Carney distances Obama from looming Keystone pipeline decision

But environmentalists are increasingly placing their emphasis on Obama personally in seeking to pressure the administration on the project.

They’re even planning to form a human ring around the White House next month calling on him to scuttle TransCanada Corp.’s proposal, a demonstration that follows nonviolent civil disobedience near the White House over the summer that led to more than 1,200 arrests.

Sierra Club Executive Director Michael Brune warned last week that a decision in favor of the project would make it tougher to rally activists on Obama’s behalf in the 2012 election.

State hopes to make a decision by the end of the year, although Reuters, citing an unnamed administration official, reported last week that the deadline may slip.

Business groups including the U.S. Chamber of Commerce and the American Petroleum Institute are lobbying in favor of the project, arguing it would create scores of jobs while improving energy security by expanding imports from a friendly neighbor. Canada is already the largest supplier of oil to the U.S.

TransCanada claims the pipeline would create 20,000 direct jobs and many more spinoff jobs and is emphasizing that it would operate under strict safety standards.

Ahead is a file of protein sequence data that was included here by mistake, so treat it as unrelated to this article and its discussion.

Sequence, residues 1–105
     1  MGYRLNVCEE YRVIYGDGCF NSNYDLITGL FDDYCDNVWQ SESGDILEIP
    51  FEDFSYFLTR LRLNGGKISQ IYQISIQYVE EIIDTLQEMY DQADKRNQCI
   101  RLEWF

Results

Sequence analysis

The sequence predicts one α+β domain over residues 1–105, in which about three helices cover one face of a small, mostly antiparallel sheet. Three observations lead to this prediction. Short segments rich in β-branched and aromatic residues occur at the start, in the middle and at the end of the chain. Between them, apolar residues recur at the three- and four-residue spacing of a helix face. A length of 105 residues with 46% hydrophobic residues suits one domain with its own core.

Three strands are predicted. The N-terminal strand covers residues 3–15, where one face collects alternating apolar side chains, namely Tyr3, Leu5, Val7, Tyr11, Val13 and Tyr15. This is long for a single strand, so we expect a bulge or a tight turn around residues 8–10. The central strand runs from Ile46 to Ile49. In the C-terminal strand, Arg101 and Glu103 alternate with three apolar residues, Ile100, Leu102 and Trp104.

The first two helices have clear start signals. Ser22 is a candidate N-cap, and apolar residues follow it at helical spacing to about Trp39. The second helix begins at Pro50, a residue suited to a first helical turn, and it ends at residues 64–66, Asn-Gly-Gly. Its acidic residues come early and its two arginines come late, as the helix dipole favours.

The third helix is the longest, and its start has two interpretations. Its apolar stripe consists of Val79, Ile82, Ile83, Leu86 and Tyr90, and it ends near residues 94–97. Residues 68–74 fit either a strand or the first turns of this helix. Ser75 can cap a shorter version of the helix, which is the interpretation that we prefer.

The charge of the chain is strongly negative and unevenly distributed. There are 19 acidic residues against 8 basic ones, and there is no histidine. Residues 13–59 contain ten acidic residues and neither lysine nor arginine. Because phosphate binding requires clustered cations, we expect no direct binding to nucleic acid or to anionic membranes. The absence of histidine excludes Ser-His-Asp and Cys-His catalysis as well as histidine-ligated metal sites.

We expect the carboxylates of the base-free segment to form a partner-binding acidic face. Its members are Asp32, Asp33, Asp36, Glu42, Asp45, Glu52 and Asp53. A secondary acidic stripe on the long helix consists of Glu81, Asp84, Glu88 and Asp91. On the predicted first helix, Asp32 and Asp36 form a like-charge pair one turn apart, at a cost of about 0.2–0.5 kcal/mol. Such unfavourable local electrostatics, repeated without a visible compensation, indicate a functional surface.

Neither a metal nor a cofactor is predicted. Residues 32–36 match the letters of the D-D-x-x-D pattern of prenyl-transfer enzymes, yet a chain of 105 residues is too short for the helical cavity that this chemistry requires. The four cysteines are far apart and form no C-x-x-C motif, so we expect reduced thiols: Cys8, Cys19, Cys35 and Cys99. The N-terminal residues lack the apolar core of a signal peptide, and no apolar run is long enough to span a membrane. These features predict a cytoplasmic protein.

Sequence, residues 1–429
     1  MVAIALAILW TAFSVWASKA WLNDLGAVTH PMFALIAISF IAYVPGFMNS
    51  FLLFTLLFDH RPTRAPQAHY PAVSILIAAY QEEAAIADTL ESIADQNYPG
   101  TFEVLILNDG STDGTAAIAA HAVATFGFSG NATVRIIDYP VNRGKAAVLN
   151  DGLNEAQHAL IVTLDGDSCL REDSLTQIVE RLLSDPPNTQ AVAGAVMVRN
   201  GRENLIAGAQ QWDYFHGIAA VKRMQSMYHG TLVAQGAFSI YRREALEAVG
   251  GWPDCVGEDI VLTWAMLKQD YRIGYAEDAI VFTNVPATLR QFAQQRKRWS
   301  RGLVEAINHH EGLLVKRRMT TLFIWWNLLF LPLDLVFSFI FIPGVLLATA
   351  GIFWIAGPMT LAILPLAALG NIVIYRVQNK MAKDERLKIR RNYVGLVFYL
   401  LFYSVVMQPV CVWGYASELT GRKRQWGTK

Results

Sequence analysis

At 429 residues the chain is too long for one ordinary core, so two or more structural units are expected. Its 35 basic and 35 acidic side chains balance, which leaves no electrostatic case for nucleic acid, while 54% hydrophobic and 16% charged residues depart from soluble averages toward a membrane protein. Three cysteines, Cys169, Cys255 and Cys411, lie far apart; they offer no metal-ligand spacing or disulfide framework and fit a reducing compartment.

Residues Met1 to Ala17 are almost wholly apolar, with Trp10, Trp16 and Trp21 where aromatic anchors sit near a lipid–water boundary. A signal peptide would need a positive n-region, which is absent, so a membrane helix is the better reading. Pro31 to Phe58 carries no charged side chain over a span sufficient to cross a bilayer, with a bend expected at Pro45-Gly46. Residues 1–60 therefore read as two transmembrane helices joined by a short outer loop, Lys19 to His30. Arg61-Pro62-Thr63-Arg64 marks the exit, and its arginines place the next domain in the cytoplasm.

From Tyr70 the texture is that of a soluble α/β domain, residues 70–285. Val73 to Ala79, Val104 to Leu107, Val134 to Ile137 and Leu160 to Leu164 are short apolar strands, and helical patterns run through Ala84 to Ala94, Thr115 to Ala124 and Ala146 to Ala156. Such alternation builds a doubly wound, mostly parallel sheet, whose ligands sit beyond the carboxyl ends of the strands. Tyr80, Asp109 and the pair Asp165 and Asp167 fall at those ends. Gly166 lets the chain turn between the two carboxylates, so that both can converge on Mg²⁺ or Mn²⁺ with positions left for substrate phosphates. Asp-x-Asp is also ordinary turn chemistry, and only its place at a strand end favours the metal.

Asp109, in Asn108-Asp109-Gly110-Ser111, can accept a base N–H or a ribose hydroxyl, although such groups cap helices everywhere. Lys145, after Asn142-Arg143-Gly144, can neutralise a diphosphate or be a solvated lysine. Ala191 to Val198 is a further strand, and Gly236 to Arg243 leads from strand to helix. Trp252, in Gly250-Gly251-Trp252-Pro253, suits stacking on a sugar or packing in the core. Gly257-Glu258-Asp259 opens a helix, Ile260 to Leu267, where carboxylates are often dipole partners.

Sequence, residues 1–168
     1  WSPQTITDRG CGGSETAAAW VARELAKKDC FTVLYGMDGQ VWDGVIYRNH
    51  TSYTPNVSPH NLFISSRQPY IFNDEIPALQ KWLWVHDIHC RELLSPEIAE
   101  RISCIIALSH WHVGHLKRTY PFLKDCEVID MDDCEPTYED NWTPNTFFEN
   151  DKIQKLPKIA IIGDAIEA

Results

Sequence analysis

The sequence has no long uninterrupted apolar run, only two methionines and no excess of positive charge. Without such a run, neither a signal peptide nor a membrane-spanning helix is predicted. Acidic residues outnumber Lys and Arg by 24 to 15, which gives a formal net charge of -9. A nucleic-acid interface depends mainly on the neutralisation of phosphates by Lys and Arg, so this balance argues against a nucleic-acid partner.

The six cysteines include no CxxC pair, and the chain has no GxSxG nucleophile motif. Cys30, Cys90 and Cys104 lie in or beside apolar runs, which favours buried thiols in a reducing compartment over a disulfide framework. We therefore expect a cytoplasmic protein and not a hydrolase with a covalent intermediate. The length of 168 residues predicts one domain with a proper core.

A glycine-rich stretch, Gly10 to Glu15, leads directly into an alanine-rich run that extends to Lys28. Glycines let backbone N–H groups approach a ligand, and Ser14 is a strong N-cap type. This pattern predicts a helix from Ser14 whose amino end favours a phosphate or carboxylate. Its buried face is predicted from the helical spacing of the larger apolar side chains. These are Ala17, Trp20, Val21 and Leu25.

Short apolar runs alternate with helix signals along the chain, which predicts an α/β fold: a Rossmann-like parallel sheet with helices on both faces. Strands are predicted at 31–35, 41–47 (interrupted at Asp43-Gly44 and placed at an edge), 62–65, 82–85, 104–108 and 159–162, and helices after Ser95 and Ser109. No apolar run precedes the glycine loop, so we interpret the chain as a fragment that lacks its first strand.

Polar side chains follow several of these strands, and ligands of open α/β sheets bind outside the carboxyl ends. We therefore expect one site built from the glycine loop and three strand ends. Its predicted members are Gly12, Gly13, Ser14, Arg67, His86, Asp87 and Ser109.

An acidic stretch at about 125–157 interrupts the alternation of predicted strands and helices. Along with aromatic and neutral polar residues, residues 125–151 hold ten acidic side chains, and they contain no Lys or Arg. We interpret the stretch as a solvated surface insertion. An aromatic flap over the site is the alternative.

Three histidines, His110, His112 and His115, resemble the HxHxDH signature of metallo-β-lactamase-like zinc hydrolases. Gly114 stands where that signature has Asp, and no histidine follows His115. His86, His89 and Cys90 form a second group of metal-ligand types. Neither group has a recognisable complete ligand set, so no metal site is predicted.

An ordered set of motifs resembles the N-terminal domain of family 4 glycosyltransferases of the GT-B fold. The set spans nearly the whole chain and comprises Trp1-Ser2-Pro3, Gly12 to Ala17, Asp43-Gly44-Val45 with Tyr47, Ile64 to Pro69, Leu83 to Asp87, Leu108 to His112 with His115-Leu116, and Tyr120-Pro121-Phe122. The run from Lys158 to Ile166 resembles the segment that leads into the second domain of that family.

But environmental groups, which have called the jobs estimates inflated, oppose the pipeline due to greenhouse gas emissions, forest damage and other impacts from oil sands projects, as well as the potential for pipeline spills that could contaminate farmland and drinking water in states along the route.

Carney, while deflecting the Keystone question Monday, touted Obama’s environmental record.

“The president's commitment to addressing these issues has been demonstrated by the actions he took for historic fuel efficiency standards, an action which by itself will have dramatic effect on the amount of fuel consumed in this country,” he said, citing the mileage and emissions standards he said would have provide a “great reduction” in the amount of oil imported, as well as provide savings for consumers.

The administration, under Obama, completed joint Transportation Department-EPA mileage and greenhouse gas standards for cars and light trucks covering model years 2012-2016, and is also preparing rules for model years 2017-2025.

The rules are estimated to save billions of barrels of oil over the life of the vehicles.